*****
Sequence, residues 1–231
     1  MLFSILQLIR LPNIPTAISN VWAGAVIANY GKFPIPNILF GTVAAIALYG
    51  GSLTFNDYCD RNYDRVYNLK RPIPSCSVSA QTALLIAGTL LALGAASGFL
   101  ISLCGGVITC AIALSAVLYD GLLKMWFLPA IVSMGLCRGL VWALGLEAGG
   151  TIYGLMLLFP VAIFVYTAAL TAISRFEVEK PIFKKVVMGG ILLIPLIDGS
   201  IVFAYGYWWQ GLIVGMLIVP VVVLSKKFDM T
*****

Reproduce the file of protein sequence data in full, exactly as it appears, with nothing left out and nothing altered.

Sequence, residues 1–231
     1  MLFSILQLIR LPNIPTAISN VWAGAVIANY GKFPIPNILF GTVAAIALYG
    51  GSLTFNDYCD RNYDRVYNLK RPIPSCSVSA QTALLIAGTL LALGAASGFL
   101  ISLCGGVITC AIALSAVLYD GLLKMWFLPA IVSMGLCRGL VWALGLEAGG
   151  TIYGLMLLFP VAIFVYTAAL TAISRFEVEK PIFKKVVMGG ILLIPLIDGS
   201  IVFAYGYWWQ GLIVGMLIVP VVVLSKKFDM T